Low water levels in Athabasca River delta affecting residents, wildlife
By Cullen Bird, Today staff
Tuesday, August 25, 2015 5:45:36 MDT PM
A shallow Peace-Athabasca River Delta is causing transportation and food security issues for Fort Chipewyan residents and other river dwellers.
The Peace-Athabasca Delta, one of the world’s largest inland freshwater deltas, is breaking historical records for low water levels.
Alberta Environment records from a monitoring station near Fort McMurray say the river is currently flowing at 450 cubic metres per second, compared to an average August flow of 789 cubic metres per second based on 57 years of data.
“The main reason for low flows now at this point of year is that there hasn’t been any precipitation,” said Lisa Glover, spokesperson for Alberta Environment. The Athabasca is fed by glacier and meltwater runoff by the Rocky Mountains, as well as local tributaries.
An early spring and a small snowpack means very little meltwater is sustaining is coming through the river now.
Low water levels have made travelling the river by boat treacherous, since a resident could easily smash a motor on an unseen sandbar, says Ronnie Campbell, a Mikisew Cree band councillor.
That means Fort Chipewyan residents can’t travel down the river to buy groceries from Fort McMurray, Campbell said.
“They get discouraged,” he said. “So they’re forced to buy groceries from our Northern Store, where the prices are ridiculously high.”
It also means residents can’t access or use their traditional hunting or fishing grounds, Campbell said.
The Mikisew Cree can hunt in the southern portion of Wood Buffalo National Park as part of their traditional land, Campbell said, but can’t access that land this year because the river routes used to get there are too shallow.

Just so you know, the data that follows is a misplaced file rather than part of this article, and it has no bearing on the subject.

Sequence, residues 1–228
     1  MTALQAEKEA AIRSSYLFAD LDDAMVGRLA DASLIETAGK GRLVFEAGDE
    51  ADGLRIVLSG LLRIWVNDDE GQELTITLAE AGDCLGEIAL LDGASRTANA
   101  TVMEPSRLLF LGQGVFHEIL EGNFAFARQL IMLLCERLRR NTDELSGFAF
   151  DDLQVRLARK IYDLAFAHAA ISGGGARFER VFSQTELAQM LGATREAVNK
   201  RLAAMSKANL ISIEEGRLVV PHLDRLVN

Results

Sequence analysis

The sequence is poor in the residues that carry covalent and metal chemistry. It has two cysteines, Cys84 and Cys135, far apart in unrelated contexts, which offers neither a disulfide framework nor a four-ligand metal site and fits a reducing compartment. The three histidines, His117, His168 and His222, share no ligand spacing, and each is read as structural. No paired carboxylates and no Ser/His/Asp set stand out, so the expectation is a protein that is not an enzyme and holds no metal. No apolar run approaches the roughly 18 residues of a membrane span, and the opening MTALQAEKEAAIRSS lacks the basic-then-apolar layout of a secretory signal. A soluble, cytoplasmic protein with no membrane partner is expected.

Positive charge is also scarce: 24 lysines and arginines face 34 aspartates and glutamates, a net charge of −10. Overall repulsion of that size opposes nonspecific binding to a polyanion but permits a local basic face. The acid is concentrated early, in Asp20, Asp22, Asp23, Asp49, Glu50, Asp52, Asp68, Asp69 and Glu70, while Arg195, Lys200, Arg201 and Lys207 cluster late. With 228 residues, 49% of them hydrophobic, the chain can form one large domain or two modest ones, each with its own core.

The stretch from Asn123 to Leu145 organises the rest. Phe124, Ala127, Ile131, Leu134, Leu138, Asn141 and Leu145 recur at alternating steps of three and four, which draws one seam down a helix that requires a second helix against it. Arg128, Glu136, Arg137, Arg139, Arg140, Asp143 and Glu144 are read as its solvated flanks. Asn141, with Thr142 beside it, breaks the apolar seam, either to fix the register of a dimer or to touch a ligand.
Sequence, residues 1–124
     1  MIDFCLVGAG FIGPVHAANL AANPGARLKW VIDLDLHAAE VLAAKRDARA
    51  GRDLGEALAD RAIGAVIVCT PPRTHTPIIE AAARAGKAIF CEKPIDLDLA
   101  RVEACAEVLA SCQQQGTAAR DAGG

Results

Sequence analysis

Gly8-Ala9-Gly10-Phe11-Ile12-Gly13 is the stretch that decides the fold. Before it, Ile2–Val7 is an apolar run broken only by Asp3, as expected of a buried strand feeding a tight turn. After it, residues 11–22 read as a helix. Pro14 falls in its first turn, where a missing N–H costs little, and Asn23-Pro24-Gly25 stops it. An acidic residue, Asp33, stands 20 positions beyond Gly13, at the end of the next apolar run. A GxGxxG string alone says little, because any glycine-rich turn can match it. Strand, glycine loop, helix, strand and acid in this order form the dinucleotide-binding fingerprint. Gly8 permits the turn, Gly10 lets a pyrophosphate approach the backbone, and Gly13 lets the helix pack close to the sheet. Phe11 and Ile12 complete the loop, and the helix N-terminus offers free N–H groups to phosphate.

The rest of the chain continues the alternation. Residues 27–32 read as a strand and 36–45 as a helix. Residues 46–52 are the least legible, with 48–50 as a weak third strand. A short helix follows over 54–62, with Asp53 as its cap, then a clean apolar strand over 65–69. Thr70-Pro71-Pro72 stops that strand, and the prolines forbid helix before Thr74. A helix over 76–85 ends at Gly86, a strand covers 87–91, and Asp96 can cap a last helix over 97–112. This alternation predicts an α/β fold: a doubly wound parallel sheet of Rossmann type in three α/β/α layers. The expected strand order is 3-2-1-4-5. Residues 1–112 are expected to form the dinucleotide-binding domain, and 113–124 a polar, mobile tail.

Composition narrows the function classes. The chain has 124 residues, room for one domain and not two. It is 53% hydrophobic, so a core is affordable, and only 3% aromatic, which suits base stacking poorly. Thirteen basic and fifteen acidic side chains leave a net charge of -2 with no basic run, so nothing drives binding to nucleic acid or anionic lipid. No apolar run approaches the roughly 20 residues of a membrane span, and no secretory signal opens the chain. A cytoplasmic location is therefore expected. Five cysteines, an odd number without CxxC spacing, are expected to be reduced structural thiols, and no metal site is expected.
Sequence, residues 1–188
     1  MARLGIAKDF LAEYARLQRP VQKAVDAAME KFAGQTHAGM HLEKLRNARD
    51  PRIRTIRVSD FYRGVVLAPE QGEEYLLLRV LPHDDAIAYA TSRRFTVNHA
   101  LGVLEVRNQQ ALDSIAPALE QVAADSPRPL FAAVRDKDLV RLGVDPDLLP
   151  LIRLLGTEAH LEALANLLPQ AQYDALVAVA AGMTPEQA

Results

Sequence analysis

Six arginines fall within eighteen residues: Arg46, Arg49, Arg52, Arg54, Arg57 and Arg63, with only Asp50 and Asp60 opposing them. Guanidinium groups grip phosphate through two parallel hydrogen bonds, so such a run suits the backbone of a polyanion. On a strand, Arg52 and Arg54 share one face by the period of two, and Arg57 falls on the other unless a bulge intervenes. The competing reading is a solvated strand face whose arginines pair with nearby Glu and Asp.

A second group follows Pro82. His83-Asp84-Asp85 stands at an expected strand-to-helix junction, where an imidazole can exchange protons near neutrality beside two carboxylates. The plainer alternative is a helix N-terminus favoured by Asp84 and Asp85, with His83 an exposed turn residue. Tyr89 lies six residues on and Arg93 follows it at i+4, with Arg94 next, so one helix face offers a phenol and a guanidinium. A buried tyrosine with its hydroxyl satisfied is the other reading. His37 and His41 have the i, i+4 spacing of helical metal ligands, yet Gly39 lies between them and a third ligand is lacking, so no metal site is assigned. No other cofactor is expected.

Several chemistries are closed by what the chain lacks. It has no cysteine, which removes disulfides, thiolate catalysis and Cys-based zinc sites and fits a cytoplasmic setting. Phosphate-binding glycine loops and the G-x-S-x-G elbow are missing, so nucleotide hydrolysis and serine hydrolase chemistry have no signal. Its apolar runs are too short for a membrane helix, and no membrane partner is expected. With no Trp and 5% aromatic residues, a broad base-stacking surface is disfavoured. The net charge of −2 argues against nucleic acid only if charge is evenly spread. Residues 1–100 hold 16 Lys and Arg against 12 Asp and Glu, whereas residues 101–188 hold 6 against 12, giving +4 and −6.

Archie Antoine, a 78-year-old Cree elder, says he can’t risk running aground in shallow waters, and that he’s not the only one.
“If I broke my motor here, I don’t know how I’m going to get around. I can’t buy a motor. I can’t afford it,” he said.
“So I’m stuck in Fort Chip here. We’ve got no choice but to go and buy groceries in our Northern store,” Antoine said. “We can’t afford to jump in a plane and get groceries.”
Antoine and Campbell both say the delta’s water levels and wildlife populations have been declining for decades.
Campbell blames climate change, the oil industry’s water use, and B.C.’s two existing dams on the Peace River as factors.
The Athabasca Chipewyan First Nation has also expressed concerns in the past about industry use of the river’s waters.
“I started trapping when I was about 15 years old,” Antoine said.
“The rapids just above Peace Point, in them days, you don’t even know there were rapids, the water was so high,” he said. Now a person can walk across the rapids at some points, he said.
“Ever since it started to get low, animals, you know for trapping, everything’s gone,” he said.
Antoine added that back in the mid-50s trappers could catch 50 muskrats a day. His best count last winter was 14.
A long-term plan is needed to ensure the river is preserved for all who use it, Campbell said.
“We need to sit down all together; federal government officials, provincial government officials, other provinces,” he said.
“We’ve all got to sit down and come up with a long term plan that’s going to benefit everyone.”